But first, get him on deep sand and keep him as happy as possible.
     
    04-14-2013, 01:28 PM
  #44
Weanling
Thanks for everyone's help and advice.
I think I've heard it all now
- from "put shoes on him" to "extra padding in the heel part only" to "extra padding over the whole sole area" to "leave him barefoot",
- from "he should be on strict stall rest in deep bedding" to "he should be moving around a bit to increase circulation",
- from "don't soak the feet, it'll make his soles even weaker" to "soak in warm water" to "soak in cold water, that's what horses in the wild do",
- from "increase the dose of bute for pain relief" to "no bute"...

I guess now it's up to me to decide what is best.

Unfortunately, he is no better this morning. Even worse, he has almost stopped eating and maybe ate half a small flake of grass hay since last night.

We will see what the next few days bring... thanks again.
     
    04-14-2013, 05:10 PM
  #45
Yearling
Shoeing will not "cure" the horse. Nothing cures laminitus and founder except growing out the hoofwall back in line with the bone if it has sunk or rotated and getting rid of the inflammation on the lamina. It is often advised to bevel the wall of the laminitic horse well and cast or boot because torque on the wall is a big source of pain for the laminitic horse as well as thin soles so rim shoes are ill advised by themselves. What shoeing WILL do is protect the inner structures of the foot which is the biggest problem *IF ITS DONE RIGHT*. If its done wrong and done wrong for a long period of time, it is the death of the animal. No kidding. Laminitic horses MUST have frog support. This is why you see so many reversed shoes or heart bars. IMO, a better option is pour in padding. You can leave the toe area open if need be. Never ever ever leave a laminitic horse hanging on his walls with a rim shoe only.

I have used casting a great deal and honestly? Every founder or laminitic horse I have applied it to walked off at least the same, a little better to almost sound after it was applied provided the horse was not still actively laminitic with hot feet. The reason IMO is becaus eit stops the painful flexing of the hoof capsule as it immobilized the hoof a great deal. ( Do be sure to cure the casting under full load however with the opposit foot held up and on an impression pad. I use a garden kneeling pad)

If they did come up sore, it is easy to remove and will not damage the hoof wall like shoes do. There is no pounding either on sore feet to nail them on. Get rid of the heat and reason for the laminitus first barefoot on soft footing. Ice the feet and legs and remove the cause. Then, support and protect the foot via whatever method works for you and your hoof care provider.


FYI, Equicast is just human grade casting. The stuff you use if you break your arm? Comes in different widths. You can get it off Ebay cheap by the case or from a local medical supplier. There are loads of videos online about how to apply it.
     
    04-14-2013, 05:25 PM
  #46
Trained
Human grade casting material comes in both fiberglass and plaster varieties. The plaster will go soft about 20 minutes after it gets wet. That makes it inappropriate for livestock.

The bute is not only a pain killer; it is also anti-inflammatory. Inflammation is destroying the hooves.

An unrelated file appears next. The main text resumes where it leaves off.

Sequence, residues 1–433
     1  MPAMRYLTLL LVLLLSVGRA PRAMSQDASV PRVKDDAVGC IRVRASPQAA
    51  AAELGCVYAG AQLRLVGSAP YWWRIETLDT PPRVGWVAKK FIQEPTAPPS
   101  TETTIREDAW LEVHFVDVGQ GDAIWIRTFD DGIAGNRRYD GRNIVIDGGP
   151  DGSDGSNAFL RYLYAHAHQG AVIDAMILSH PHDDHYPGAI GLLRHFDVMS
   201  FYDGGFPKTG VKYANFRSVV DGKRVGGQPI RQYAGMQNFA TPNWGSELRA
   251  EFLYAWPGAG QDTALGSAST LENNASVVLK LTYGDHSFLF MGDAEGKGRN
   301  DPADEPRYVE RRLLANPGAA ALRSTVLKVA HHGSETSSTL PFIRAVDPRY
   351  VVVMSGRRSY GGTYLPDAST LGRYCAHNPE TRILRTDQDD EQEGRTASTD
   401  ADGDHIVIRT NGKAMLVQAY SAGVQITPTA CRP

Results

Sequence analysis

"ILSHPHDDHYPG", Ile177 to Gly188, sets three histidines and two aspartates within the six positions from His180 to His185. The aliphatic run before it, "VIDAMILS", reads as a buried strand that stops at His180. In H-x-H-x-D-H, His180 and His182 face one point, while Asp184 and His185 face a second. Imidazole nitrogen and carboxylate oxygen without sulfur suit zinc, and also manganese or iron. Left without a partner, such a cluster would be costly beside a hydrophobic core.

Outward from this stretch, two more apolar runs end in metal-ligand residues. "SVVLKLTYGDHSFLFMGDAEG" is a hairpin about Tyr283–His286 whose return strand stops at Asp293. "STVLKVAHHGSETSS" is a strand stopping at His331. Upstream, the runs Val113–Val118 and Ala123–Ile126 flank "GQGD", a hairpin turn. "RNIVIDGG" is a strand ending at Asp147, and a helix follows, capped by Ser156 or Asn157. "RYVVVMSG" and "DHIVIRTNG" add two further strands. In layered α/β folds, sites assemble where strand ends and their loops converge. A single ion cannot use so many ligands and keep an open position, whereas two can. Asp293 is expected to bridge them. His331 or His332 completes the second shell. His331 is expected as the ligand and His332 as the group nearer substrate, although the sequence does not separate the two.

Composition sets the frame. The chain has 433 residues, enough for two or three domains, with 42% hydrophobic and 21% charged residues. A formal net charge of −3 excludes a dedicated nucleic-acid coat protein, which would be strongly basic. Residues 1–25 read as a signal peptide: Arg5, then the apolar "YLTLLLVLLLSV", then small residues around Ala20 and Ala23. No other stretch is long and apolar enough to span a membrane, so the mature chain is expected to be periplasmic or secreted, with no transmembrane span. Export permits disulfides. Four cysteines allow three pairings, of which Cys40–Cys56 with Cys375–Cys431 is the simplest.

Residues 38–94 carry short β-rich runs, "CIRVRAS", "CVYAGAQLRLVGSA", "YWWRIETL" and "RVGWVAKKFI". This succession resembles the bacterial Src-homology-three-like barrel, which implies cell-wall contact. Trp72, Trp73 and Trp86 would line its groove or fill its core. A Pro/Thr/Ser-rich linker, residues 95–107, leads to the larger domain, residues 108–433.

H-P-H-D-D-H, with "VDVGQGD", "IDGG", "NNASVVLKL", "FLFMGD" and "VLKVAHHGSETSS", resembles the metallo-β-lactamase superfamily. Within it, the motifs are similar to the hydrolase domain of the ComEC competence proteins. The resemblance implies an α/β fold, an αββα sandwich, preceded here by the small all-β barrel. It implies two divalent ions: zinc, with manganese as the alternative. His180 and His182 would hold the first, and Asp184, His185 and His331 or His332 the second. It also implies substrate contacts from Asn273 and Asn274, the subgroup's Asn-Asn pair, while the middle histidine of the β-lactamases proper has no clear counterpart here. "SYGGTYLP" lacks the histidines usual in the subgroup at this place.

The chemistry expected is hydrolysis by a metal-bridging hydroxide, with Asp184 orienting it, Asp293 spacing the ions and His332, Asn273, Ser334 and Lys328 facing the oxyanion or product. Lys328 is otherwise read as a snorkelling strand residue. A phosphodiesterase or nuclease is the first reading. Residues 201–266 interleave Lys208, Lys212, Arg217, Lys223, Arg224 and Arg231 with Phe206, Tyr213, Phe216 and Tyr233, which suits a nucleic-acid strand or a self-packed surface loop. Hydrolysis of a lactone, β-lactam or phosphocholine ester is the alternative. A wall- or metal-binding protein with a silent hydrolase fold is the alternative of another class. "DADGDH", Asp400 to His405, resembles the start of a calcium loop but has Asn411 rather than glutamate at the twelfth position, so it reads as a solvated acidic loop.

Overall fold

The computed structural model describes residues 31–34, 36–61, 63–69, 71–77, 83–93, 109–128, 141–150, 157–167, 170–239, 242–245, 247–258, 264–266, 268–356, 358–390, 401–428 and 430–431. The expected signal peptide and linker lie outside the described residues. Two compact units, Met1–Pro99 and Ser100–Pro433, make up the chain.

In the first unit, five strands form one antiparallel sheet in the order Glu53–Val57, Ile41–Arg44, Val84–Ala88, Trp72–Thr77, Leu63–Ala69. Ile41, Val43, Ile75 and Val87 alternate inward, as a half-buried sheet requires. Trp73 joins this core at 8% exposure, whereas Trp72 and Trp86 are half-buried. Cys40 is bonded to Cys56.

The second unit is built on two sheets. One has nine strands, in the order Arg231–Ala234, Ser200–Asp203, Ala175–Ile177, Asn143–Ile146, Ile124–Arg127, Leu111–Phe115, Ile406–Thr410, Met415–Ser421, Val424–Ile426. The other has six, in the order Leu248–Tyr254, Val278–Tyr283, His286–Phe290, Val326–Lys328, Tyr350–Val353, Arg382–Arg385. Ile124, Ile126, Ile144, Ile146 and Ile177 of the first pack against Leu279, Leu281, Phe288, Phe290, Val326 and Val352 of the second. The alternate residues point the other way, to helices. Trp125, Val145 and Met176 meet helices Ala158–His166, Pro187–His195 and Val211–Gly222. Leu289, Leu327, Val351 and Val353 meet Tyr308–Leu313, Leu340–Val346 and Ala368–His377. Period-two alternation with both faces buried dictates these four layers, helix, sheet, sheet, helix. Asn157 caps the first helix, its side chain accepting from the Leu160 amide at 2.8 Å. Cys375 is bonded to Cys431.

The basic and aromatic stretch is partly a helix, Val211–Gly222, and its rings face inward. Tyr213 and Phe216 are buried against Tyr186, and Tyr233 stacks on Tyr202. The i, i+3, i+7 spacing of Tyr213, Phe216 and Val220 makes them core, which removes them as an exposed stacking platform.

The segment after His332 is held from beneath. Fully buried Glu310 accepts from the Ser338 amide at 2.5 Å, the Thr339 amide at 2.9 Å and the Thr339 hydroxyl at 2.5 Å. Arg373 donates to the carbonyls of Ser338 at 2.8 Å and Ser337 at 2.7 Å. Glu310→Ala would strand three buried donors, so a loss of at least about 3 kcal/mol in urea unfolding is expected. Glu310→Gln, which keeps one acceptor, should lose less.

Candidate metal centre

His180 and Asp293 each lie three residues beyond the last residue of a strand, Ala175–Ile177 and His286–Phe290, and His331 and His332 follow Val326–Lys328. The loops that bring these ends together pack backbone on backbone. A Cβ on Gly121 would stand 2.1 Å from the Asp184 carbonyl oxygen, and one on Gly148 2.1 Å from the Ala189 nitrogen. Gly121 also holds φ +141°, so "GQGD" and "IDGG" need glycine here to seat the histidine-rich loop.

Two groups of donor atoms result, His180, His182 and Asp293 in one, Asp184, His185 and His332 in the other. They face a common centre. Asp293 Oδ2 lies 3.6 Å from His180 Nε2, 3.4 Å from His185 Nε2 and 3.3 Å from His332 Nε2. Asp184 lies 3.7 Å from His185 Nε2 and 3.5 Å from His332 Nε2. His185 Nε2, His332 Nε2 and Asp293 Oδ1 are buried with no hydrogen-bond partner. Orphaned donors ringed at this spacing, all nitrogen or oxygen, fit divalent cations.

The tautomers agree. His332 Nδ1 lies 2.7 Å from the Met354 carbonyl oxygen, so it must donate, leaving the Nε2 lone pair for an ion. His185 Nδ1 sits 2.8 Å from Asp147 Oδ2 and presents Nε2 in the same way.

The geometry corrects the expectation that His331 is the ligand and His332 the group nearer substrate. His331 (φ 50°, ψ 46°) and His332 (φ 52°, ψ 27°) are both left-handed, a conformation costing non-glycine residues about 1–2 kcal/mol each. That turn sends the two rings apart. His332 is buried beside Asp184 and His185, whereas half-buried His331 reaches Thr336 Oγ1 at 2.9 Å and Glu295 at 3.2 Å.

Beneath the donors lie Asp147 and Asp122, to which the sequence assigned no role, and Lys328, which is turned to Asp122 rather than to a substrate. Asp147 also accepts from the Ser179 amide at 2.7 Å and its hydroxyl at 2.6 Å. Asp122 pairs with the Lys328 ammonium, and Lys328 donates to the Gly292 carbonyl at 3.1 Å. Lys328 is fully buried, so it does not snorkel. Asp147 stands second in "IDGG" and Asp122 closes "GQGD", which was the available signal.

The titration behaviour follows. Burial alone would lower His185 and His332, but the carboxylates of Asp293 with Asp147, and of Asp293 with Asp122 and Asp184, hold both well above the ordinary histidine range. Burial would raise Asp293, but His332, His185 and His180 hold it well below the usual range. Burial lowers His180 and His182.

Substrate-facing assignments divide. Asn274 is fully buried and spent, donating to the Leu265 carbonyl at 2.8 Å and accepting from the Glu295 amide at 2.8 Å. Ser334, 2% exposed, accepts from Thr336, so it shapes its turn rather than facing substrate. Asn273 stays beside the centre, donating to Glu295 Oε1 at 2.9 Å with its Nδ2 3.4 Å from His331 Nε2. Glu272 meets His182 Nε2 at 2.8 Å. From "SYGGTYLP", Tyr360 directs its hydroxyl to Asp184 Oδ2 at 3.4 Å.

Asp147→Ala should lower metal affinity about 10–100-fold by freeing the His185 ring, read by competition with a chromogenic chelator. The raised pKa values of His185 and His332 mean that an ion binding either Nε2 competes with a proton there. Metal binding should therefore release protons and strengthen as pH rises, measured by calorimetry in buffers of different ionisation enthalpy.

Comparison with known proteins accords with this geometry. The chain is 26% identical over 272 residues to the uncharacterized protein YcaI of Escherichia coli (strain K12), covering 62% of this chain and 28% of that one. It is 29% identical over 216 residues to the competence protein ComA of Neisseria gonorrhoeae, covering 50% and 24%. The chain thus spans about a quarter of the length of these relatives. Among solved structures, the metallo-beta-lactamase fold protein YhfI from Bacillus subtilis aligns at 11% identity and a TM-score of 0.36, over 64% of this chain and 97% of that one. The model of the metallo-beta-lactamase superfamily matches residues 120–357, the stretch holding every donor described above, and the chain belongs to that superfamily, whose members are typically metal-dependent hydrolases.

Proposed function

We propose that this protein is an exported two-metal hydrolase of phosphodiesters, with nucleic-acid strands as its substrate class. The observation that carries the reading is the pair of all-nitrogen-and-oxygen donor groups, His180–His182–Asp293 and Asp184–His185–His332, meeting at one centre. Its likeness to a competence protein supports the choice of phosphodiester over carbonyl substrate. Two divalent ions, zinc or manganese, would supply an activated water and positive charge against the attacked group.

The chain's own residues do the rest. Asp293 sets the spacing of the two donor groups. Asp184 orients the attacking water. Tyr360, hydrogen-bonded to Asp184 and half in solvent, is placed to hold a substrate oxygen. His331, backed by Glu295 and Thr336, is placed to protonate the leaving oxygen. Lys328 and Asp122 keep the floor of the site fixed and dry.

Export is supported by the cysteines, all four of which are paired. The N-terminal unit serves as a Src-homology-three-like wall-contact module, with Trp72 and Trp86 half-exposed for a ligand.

04-14-2013, 06:12 PM
  #47
Green Broke
So much contradictory information, I know. But, everyone that has dealt with founder is giving advice based on their situations. The farriers/trimmers are giving advice based on their own successes treating foundered horses.

I know everyone is sorry for making this all so confusing. The upshot is I can tell you are "smarter than the average bear", so go with your gut and do what you think will work best for your horse

I also know it's a given you've already spoke with the vet about your horse being off his feed

If the vet didn't suggest this and he's still off his feed - take away everything but the hay and try replacing the feed pan stuff with nothing but pure timothy pellets.

One dry pound at a time, but wet them and give that to him as many times a day as possible.

I have found many small meals of forage do more to get a horse back eating than anything. Whatever supplements any horse is on? They can go without until they start properly processing forage again

Hopefully it will get him back eating his hay again and keep the recycling process working.

If you're giving him Bute, you could continue to mix that into the wet timothy pellets but nothing else.

When Joker foundered so bad last year, the vet had me keep him on aspirin for an extended period, even though he knew there was the risk of ulcers. He felt the immediate benefit to Joker was worth the risk and we'd deal with possible ulcers later.

It took 3 or 4 months but Joker did develop mild gastric stomach ulcers. I only gave him Omeprazole for three weeks and he's been fine, so far.
     
    04-14-2013, 06:21 PM
  #48
Trained
Quote:
Originally Posted by walkinthewalk    

When Joker foundered so bad last year, the vet had me keep him on aspirin for an extended period, even though he knew there was the risk of ulcers. He felt the immediate benefit to Joker was worth the risk and we'd deal with possible ulcers later. .
Some horses have had good response to aspirin for acute laminitis. The thinking on it is that it decreases inflammation as well as stopping the formation of blood clots that can hinder circulation. Any treatments should be done under the supervision of your veterinarian.
     
    04-14-2013, 06:56 PM
  #49
Yearling
The comparable human product (its all made by the same manufacturer) is fiberglass or poly blend resin casting tape. There are two kinds. Both are waterproof.

Obviously, one would not use plaster. I don't think even Human Drs really use it anymore in favor of the fiberglass casts. I havent seen one since I was in grade school.
     
    04-14-2013, 07:01 PM
  #50
Yearling
2 seconds of googling came up with this. No offence to the branded horse casting tape sellers, but what a ripoff. A box of 10 from any medical supplier will be about 40 to 60 dollars depending on the width you need. Anyone can buy it. People use it for crafts etc too. Also, you can ask your Drs and vets for stuff that is going out of date. It works fine for hoof casting.

ALTOCAST by the CASE Fiberglass Casting Tape Material

fiberglass casting tape | eBay

Techform Fiberglass Casting tape. Medical cast material. Arm or Leg cast Supply